• ISBN13: 9781555583460
  • Condition: NEW
  • Notes: Brand New from Publisher. No Remainder Mark.

Product Description
Microsoft Outlook is the most widely used e-mail program and offers the most programmability. Sue Mosher introduces key concepts for programming Outlook using Visual Basic for Applications, custom Outlook forms, and external scripts, without the need for additional development tools.

For those who manage Outlook installations, it demonstrates how to use new features in the Outlook 2007 programming model such as building scripts that can create rules and view… More >>

Microsoft Outlook 2007 Programming: Jumpstart for Power Users and Administrators

4 thoughts on “Microsoft Outlook 2007 Programming: Jumpstart for Power Users and Administrators”

  1. As a relative novice to outlook programming, this book took me through all the steps in a clear an concise way. I’ve bought several books on the subject before, but somehow one or more important issues were always left out. Not in this book.

    If you want to automate the way you work with Outlook without having to find out everything yourself buy this book. Sue Mosher’s website is great too, by the way, and offers a treasure chest of tip, code and a very good forum.
    Rating: 5 / 5

  2. I needed to parse tables in a received Outlook email (HTML code), get information from an Excel spreadsheet based on what I found in the received Outlook email, and use what I found to create a new Outlook email to be sent to someone else. “Microsoft Outlook 2007 Programming” helped me with about 50-60% of what I needed to do. I had to use Visual Basic and the Visual Basic parts of “Microsoft Outlook 2007 Programming” helped steer me in the right direction.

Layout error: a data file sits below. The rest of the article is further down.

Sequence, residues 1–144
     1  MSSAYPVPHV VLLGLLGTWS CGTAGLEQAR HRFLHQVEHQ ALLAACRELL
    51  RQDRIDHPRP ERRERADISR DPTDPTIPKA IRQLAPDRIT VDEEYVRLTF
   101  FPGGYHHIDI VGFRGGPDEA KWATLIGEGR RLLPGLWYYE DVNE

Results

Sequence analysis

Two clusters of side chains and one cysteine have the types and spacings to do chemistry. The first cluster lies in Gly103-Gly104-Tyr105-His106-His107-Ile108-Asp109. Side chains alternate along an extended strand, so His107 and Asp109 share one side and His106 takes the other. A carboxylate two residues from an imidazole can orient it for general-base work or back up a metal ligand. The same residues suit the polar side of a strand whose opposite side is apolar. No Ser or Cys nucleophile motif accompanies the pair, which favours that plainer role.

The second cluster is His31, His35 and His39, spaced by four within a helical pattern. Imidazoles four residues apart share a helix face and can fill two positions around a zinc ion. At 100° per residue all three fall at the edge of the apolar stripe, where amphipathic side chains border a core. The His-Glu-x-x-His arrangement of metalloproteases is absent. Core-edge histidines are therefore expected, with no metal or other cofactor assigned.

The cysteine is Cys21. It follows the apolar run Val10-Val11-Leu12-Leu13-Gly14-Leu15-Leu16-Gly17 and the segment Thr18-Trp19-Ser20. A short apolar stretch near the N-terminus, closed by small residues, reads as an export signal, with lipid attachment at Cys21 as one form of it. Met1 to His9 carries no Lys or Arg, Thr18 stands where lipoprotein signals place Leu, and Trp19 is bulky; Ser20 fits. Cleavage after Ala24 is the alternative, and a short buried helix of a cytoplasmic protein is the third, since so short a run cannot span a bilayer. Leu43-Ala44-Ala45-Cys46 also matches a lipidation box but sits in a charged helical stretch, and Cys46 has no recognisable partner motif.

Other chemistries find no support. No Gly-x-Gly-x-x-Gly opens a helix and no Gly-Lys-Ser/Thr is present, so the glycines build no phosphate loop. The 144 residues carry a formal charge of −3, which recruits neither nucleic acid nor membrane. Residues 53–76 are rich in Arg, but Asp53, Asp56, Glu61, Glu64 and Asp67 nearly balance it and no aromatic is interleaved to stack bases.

Using Visual Basic with the Microsoft Suite of Programs appears to be a black art. Either you know it or you don’t. “Microsoft Outlook 2007 Programming” outlines how to do a number of very specific things. If that is what you need to do, then you will be OK. Once you try to do something other than what is shown in the book, you will pretty much be on your own.
    Rating: 3 / 5

  3. As the title says, this book is not for newbies. It covered a lot of different topics. It was hit or miss on the specific application I was writing, but no book will ever hit that 100%.

    The only issue I have is the toggling back and forth between VBA and the less content rich VBScript. The two systems are so close to each other, it sometimes was confusing which code block I was reading.

    Suggestion, for VBA examples, use the color coding that comes with the VBA editor.
    Rating: 4 / 5

  4. The Outlook VBA programmable attributes are very poorly designed and executed, with minimal support from Microsoft. Ms. Mosher’s books make the product at least minimally useful. They are well written and cover most of the topics needed by an intermediate to advanced VA programmer. They do suffer from the ills of most books that attempt to make Microsoft products usable in that the topic approach is linear. Examples, as in Microsoft’s Help files tend to be of the simple, direct type. I like texts that are a richer mix of reference and “how to”. Ms. Mosher is at her best when she moves off the beaten path and covers information needed for more complex tasks.
    Rating: 4 / 5

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